Former Peruvian President Alberto Fujimori freed from prison on humanitarian grounds

Former Peruvian President Alberto Fujimori being driven away from prison
Former Peruvian President Alberto Fujimori, center, is driven away from prison after his release on humanitarian grounds Wednesday.
(Martin Mejia / Associated Press)

Former Peruvian President Alberto Fujimori was released from prison Wednesday on humanitarian grounds, despite a request from a regional human rights court to delay his release.

Fujimori, 85, was serving a 25-year sentence in connection with the slayings of 25 Peruvians by death squads in the 1990s. Peru’s constitutional court ordered his immediate release Tuesday, but the Inter-American Court of Human Rights asked for a delay to study the ruling.

Fujimori, who governed Peru from 1990 to 2000, was sentenced in 2009 on charges of human rights abuses. He was accused of being the mastermind behind the slayings of the 25 Peruvians while the government fought the Maoist rebel group Shining Path.


Fujimori, wearing a mask and receiving supplemental oxygen, walked out of the prison door and got into a sport utility vehicle driven by his daughter-in-law. He sat in the back seat with his son and his daughter, the right-wing politician Keiko Fujimori.

Dozens of supporters awaited Alberto Fujimori outside the prison and swarmed the vehicle as it attempted to move. It moved slowly through the streets of the prison’s neighborhood as people chanted and banged on the windows.

Fujimori is expected to live at this daughter’s house.

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Peru’s Constitutional Court on Tuesday ruled in favor of a humanitarian pardon granted to Fujimori on Christmas Eve in 2017 by then-President Pablo Kuczynski. The country’s Supreme Court overturned the pardon under pressure from the Inter-American Court of Human Rights in 2018 and ordered the former president returned to prison to serve out his sentence.

In Tuesday’s ruling, the magistrates explained that while “the seriousness of the crimes for which [Fujimori] was sentenced is evident,” they could not “ignore ... the humanitarian pardon” granted him in 2017 and upheld by their court in 2022.

“If, according to the ruling of this Court in March 2022, the judicial resolutions that left the 2017 humanitarian pardon without legal effect were declared null, then [Fujimori] has been pardoned for almost six years without his freedom having been made effective to this day, which constitutes an obvious violation of this fundamental right,” according to the ruling, which also considered Fujimori’s advanced age and poor health.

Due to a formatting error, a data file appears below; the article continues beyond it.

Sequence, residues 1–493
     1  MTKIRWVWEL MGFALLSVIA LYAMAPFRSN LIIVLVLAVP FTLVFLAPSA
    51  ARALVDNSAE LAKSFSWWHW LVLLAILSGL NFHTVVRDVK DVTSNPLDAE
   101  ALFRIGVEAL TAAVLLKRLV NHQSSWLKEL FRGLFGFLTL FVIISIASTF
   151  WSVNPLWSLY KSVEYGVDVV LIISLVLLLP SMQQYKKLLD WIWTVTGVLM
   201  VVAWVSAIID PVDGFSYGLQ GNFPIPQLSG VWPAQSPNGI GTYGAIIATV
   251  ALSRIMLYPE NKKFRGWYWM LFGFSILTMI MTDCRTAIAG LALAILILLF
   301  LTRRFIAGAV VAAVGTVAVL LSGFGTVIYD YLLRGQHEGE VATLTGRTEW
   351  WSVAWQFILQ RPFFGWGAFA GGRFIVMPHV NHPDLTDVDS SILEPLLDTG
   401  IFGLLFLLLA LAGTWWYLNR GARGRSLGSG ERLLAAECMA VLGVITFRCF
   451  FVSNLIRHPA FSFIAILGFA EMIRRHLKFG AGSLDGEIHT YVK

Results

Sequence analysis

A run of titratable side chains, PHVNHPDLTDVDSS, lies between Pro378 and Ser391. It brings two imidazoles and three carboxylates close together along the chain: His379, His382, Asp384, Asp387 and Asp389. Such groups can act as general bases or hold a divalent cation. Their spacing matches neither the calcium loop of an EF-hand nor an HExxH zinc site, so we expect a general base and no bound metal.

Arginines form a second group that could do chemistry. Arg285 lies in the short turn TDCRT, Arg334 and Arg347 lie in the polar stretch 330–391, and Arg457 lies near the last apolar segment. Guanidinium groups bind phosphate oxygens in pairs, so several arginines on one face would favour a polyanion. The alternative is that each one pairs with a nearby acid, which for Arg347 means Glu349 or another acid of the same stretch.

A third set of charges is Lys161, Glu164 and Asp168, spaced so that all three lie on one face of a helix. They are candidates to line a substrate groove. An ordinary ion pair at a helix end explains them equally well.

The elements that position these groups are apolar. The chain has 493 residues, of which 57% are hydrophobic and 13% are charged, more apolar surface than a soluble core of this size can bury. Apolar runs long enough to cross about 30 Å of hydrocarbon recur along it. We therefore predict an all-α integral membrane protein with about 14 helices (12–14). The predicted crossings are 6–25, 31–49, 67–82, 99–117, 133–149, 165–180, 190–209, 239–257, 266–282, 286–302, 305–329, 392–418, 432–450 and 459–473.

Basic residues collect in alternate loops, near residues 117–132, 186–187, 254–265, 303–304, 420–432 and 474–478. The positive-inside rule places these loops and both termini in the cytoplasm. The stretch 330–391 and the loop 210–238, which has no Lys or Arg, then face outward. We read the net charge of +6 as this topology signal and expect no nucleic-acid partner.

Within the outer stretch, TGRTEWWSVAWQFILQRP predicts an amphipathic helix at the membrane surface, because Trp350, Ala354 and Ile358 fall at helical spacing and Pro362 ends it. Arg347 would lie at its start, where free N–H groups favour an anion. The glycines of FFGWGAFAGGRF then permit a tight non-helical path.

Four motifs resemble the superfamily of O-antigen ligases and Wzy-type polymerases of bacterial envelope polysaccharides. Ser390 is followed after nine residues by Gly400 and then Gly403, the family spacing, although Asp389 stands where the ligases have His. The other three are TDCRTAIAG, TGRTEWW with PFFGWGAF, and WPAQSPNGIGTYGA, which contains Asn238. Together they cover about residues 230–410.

After the Constitutional Court issued its latest ruling, the president of the Inter-American Court of Human Rights, Ricardo Pérez Manrique, in a resolution asked for the delay of Fujimori’s release in order to “guarantee the right of access to justice” for the 25 people who were murdered in two massacres.


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“We do not have institutions of any kind capable of defending us,” Gisela Ortiz, sister of one of the victims, told the Associated Press. “Peru gives the image of a country where the rights of victims are not guaranteed and where human rights issues have no importance.”

The United Nations High Commissioner for Human Rights, Volker Turk, on Wednesday said the Constitutional Court’s order to release Fujimori “is a worrying setback,” adding that “any humanitarian release of those responsible for serious human rights violations must be in accordance with international law.”

Fujimori remains a polarizing figure in Peru. His policies improved the country’s economy and pulled it out of a cycle of hyperinflation. But he also used the military to dissolve Congress and rewrite the constitution as well as to crack down on guerrilla violence.

The first of the two massacres he is accused of plotting occurred in 1991 in a poverty-stricken Lima neighborhood. Hooded soldiers fatally shot 15 residents, including an 8-year-old child, who had gathered at a party.

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Then, in 1992, the clandestine military squad kidnapped and killed nine students and a professor from the Enrique Guzmán y Valle University. Forensic experts reported that the victims were tortured and shot in the back of the head. Their bodies were burned and buried in common graves.

The squad operated in the guise of an architecture firm and was financed by Fujimori’s government.


The accusations against Fujimori have led to years of legal wrangling. He resigned just as he was starting a third term and fled the country in disgrace after leaked videotapes showed his spy chief, Vladimiro Montesinos, bribing lawmakers. Fujimori went to Japan, his parents’ homeland, and sent in his resignation by fax.

Five years later, he stunned supporters and enemies alike when he flew to neighboring Chile, where he was arrested and extradited to Peru. Fujimori’s goal was to run for Peru’s presidency again in 2006, but instead, he was put on trial.